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Maxwell was the 'lady' of Epstein's house, former worker testifies

Most of the other women he saw at the Palm Beach mansion were often "topless," Juan Alessi claimed.

The Florida mansion of convicted sex offender Jeffrey Epstein was often teeming with topless young women and Ghislaine Maxwell was the “lady of the house” who  enforced his rules, a former property manager testified Thursday.

Juan Alessi, who worked at the Palm Beach home from about 1990 to 2002, made the startling claim on the fourth day of Maxwell’s child sex-trafficking trial in federal court in Manhattan.Alessi testified that he saw “many, many, many females,” at the estate.

Image: Ghislaine Maxwell trial in New York
Ghislaine Maxwell, the Jeffrey Epstein associate accused of sex trafficking, enters court Thursday followed by court marshals.Jane Rosenberg / Reuters

Asked by Assistant U.S. Attorney Maurene Comey whether he could quantify how often he’d see young women in the mansion, Alessi replied, “Hundreds of times.”

“What percentage of the time were those females topless?” Comey asked.

“I would say 75 percent of the time,” Alessi said.

Maxwell is accused of helping Epstein recruit and sexually abuse four underage girls, mostly in the 1990s. She allegedly targeted vulnerable teenage girls and “groomed” them for sex with Epstein and other powerful men, prosecutors have charged.

The 59-year-old British socialite has pleaded not guilty to all six charges leveled against her. Her lawyers contend the government is going after Maxwell because they cannot prosecute Epstein, who hanged himself in a Manhattan jail two years ago.

Alessi said most of the women he saw in Epstein’s mansion appeared to be in their late 20s. But he also testified that Maxwell and Epstein went to great lengths to ensure that staffers like him could not see what was going on in the mansion.

“There also was a wall, I used to call the Berlin Wall and it went all the way to the fence,” he said. “It obstructed the whole view of the garden and the pool so there was no view from the staff quarters to the rest of the house.”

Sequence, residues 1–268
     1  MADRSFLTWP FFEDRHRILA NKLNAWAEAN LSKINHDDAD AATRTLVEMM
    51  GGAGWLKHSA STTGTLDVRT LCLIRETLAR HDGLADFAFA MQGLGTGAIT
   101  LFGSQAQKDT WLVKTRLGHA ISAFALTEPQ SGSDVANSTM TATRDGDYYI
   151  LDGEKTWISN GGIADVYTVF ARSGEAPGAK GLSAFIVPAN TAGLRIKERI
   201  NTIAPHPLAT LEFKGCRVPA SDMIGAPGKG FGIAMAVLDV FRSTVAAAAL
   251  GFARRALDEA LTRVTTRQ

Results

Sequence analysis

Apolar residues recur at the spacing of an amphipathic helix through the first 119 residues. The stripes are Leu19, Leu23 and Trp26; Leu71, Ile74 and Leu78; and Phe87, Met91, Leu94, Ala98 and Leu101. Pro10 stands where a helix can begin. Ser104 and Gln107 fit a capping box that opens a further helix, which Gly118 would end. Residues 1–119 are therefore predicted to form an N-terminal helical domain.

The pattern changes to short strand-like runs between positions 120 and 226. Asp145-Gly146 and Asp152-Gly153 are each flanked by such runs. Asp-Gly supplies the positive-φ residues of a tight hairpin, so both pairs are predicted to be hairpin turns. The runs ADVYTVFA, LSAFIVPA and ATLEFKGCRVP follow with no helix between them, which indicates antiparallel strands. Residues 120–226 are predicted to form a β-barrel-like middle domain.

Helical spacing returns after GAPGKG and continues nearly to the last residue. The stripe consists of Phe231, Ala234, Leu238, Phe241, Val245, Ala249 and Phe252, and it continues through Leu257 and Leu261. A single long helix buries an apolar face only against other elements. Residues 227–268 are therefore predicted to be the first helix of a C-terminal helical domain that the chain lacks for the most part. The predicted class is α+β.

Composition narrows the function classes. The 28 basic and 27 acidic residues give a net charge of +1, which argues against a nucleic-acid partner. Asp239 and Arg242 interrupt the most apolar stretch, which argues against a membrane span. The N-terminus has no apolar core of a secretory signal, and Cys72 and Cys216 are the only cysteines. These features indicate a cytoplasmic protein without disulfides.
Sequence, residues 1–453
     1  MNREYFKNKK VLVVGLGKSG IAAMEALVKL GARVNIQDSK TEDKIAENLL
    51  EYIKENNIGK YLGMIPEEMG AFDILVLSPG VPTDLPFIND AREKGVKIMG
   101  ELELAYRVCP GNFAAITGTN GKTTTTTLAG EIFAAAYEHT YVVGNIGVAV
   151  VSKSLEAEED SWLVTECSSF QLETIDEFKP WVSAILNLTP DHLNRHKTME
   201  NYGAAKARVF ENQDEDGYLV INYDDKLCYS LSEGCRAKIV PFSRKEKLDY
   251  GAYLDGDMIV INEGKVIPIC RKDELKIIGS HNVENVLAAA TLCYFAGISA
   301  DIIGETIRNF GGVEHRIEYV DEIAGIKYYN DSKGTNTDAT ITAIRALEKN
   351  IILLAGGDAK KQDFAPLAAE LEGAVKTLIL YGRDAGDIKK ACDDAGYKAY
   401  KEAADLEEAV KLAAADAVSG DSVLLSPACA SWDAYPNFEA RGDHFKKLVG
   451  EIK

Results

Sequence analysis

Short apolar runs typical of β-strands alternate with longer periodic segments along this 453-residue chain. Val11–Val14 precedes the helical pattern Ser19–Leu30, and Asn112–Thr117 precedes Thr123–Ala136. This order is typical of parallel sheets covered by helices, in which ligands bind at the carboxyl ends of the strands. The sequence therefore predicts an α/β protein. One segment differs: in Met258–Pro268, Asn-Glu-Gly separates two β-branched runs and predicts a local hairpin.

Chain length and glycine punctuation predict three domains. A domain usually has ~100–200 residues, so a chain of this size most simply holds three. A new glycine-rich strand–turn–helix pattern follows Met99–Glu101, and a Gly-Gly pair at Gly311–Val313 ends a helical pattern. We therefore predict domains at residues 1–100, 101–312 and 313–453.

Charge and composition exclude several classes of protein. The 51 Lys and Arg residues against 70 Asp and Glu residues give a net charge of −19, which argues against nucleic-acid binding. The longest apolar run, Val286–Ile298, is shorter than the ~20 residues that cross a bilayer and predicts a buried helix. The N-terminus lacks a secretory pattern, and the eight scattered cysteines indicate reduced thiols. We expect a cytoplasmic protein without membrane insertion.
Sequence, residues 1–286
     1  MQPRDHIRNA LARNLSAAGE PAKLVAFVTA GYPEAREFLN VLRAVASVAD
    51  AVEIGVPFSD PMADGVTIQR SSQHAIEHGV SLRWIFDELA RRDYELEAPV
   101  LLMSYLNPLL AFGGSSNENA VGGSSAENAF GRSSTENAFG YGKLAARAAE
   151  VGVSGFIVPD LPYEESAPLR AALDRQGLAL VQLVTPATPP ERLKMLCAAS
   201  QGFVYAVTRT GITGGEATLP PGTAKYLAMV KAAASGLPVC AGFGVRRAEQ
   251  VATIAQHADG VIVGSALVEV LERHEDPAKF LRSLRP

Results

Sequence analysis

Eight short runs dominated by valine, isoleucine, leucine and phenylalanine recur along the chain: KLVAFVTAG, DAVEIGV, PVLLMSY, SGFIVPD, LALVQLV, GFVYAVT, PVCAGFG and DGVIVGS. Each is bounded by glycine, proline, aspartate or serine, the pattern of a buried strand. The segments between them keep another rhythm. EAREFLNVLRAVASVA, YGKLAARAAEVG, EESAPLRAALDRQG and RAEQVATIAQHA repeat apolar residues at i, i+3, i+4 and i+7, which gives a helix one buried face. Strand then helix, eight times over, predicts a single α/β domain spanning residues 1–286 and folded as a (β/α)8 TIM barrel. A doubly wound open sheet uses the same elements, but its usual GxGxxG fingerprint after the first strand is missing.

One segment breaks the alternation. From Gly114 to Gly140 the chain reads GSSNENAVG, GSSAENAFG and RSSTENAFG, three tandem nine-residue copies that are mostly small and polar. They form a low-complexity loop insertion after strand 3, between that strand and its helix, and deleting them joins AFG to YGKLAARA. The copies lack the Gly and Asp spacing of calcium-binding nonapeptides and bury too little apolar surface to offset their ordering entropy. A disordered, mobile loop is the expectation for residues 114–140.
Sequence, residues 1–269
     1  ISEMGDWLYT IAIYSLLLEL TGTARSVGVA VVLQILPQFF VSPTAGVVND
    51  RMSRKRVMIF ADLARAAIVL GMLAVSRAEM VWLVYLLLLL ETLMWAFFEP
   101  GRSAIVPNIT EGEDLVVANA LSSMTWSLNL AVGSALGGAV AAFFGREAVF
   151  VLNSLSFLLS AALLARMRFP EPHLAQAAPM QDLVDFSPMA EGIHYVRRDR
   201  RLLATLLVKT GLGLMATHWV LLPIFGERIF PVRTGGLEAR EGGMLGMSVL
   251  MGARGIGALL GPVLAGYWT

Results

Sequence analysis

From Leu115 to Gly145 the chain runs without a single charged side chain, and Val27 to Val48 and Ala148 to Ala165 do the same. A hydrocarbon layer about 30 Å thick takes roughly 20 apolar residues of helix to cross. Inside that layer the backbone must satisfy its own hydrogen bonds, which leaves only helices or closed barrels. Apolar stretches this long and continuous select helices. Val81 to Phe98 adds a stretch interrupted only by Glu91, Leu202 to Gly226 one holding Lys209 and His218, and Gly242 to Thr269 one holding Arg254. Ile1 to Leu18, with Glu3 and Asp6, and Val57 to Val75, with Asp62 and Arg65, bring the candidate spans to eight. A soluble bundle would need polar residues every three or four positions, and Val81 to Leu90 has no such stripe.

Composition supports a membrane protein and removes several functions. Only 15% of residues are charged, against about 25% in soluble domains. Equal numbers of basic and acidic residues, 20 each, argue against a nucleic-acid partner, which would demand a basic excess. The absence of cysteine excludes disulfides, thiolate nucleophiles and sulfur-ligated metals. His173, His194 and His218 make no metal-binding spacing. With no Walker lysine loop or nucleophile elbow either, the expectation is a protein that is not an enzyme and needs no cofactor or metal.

Maxwell was the “lady of the house” and slept “in Epstein’s bedroom,” Alessi said. And she warned him to “never look” in Epstein’s eyes.

“There were many, many rules,” Alessi said.

One 58-page checklist for staff included everything from how to maintain the residence and where to buy food to “how to address Mr. Epstein,” he said.

Alessi said he was also tasked with having to clean the sex toys that were stored in Maxwell's closet.

“I am sorry to say it was very degrading to me,” Alessi said. “I wasn’t hired to do that kind of work.”

Alessi took the stand a day after Jane, the pseudonym of the first of four women who say Maxwell turned them into sexual playthings for Epstein and other powerful men, wrapped up her testimony by asserting that she was 14 when she met them at the Interlochen Arts Camp in Michigan and that Epstein himself introduced her to former President Donald Trump in the 1990s.

Jane, who said she was sexually abused by both Epstein and Maxwell at the Palm Beach mansion, didn’t allege any improper behavior by Trump. But she wasn’t asked by Maxwell defense attorney Laura Menninger why Epstein took her to see Trump at Mar-a-Lago, his resort in Palm Beach.

Nor has Trump responded to requests from NBC News for comment about whether Trump, who once called Epstein a “terrific guy,” has any recollection of meeting Jane.

Following Epstein’s 2019 arrest, Trump told reporters that he was “not a fan” of him.

Three other women are expected to testify against Maxwell at the trial in the Southern District of New York, which started Monday and is expected to last six weeks.